Newsweek has an interview with Larry Ellison. Says Ellison: “I think were seeing a gradual shift away from the desktop and toward Internet computing. Theres been three eras of computing. The first era, dominated by IBMmainframe computingthe second era, personal computing, dominated by Microsoft. I think someone will emerge in enterprise or Internet computing as the dominant supplier of software technology.”
Roland Piquepaille points to vnunet.com article: “A Grand Challenge must be a 15-year project with international participation. There should be a clear evaluation of success or failure, and it should offer fundamental and radical advances in basic science or engineering. The UK Computing Research Committee (UKCRC), a joint expert panel of the Institute of Electrical Engineers and the British Computer Society is working with the Council of Professors and Heads of Computing to start seven new projects. The hope is that some, or at least one, of the initiatives will be taken forward to become a Grand Challenge – a major, long term project that will create great advances in computer science.”
The 7 projects short-listed are:
In Vivo <-> In Silico (IVIS): This project is focused on modeling real-life events in silicon to experiment with virtual organisms.
Science for Global Ubiquitous Computing: In 20 years, computers will be everywhere and globally interconnected. Researchers think that this worldwide network will be seen as a single Global Universal Computer (GUC). The goal is to define the theories behind this future GUC.
Memories for Life: The amount of data that we collect, pictures, films, e-mails, is growing at a growing rate every day. This project wants to find ways to securely store and search all of these data.
Scalable Ubiquitous Computing Systems: This is an approach to solve future problems coming from growing computing complexity created by increasingly networked computers and Internet’s proliferation, leading to the integration of organic models.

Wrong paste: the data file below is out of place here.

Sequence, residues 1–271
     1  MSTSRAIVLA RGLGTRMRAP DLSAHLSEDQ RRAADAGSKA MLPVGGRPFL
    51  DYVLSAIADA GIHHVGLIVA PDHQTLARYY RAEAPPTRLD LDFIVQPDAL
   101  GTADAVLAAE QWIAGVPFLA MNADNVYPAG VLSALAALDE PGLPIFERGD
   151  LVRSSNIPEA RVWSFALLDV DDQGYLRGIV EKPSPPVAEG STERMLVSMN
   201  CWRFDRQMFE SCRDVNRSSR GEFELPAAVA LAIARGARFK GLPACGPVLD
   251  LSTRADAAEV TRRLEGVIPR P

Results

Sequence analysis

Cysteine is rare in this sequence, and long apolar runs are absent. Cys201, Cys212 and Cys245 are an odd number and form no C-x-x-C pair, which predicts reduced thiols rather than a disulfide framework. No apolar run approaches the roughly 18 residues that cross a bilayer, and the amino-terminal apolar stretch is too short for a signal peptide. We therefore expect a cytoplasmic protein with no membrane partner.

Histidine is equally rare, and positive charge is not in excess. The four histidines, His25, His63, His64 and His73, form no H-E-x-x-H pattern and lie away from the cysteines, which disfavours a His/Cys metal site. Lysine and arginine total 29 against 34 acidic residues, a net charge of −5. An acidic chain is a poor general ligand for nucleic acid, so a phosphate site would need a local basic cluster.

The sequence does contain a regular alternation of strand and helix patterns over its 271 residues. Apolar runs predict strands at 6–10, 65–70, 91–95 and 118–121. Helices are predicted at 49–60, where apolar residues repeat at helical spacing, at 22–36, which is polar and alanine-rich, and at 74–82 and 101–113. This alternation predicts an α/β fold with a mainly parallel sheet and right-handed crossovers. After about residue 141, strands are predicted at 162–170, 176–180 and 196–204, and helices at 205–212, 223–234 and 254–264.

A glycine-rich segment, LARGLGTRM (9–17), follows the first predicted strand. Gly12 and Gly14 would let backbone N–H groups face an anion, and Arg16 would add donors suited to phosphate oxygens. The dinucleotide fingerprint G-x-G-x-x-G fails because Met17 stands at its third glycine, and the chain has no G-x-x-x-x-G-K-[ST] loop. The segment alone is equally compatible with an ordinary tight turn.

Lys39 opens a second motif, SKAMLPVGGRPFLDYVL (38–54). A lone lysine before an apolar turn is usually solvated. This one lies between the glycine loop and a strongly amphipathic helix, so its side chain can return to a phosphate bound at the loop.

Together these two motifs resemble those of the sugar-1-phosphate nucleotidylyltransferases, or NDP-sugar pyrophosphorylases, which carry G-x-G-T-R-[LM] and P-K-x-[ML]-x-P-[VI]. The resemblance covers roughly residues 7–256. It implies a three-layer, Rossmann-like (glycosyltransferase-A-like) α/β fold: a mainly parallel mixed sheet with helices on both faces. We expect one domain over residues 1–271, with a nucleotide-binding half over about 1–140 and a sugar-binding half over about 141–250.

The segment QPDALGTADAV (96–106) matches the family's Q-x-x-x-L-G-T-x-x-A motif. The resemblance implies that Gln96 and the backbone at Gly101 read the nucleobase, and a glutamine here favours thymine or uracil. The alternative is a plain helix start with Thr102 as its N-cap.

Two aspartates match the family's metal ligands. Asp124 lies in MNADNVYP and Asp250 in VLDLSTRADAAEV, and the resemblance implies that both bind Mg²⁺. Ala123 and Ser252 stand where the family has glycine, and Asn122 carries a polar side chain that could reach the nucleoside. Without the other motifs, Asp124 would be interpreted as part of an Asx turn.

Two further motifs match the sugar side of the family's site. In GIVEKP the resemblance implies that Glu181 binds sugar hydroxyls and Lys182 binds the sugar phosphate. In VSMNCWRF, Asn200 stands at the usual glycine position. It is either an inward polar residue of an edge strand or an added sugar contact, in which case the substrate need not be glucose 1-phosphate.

Architecture of Brain and Mind: This project wants to know how our brains are working. But even the proponents of this plan are not sure it can be done in 15 years.
Dependable Systems Evolution: With computer viruses and worms causing increasingly severe threats to everybody, this project wants to build “dependable, secure and trustworthy computer systems.”
Journeys in Non-Classical Computing: This is an attempt to build complex computer systems by using nature and biology as sources of inspiration
Viswanath Gondi writes os usable Rich Internet Architecture applications, with the central philosophy: “focus on the user and all else will follow”. The article starts with the ten things that users hate, and then offers a design pattern for software developers. Writes Viswanath: “how do we split a rich Internet application so that designing under the above usability constraints becomes simpler? Dividing the application into pages and navigation will help. Each page is composed of data, components, logic, and presentation. The pages are encapsulated in the navigation shell, which again has data, components, logic and presentation.”
Petra Moser, now an assistant professor at the Massachusetts Institute of Technology’s Sloan School of Management, has come up with some surprising conclusions [in her Ph. D thesis] that are attracting the attention of fellow scholars.
One of Professor Moser’s conclusions is that developing countries like India, which is scheduled to come into full compliance with an international patent treaty in 2005, may be better off without strong patent laws.
The conventional wisdom among economists has been that a robust patent system helped transform the United States into an economic powerhouse. And this may be true. But, Professor Moser concludes, what was good for America and Britain in the 19th century is not necessarily good for emerging, largely rural economies in countries like Denmark, the Netherlands and Switzerland.
“In economics, we are taught that patent laws are what create incentives for innovation,” she said. “But many of the best innovators in what was the high technology of the day came from some of the smallest countries in Europe, and these nations did not have patent laws.”
The purpose of patents is twofold: to protect the inventor and to speed technological progress. Thus, patent laws require that an inventor, in a quid pro quo exchange for the limited monopoly that a patent provides, disclose his methods to others. “Countries without patent laws have much larger shares of their innovations where patenting would have been a bad idea,” Professor Moser said.
So what is the lesson for Brazil, China, India and other countries that are being pressed by industrialized nations to create strong patent systems?
“We try to force patent laws on developing countries and say, This is best for you,” she said. “Then we are surprised when they say they don’t want patent laws. But they have a point. Such laws could actually hinder innovation in those countries.”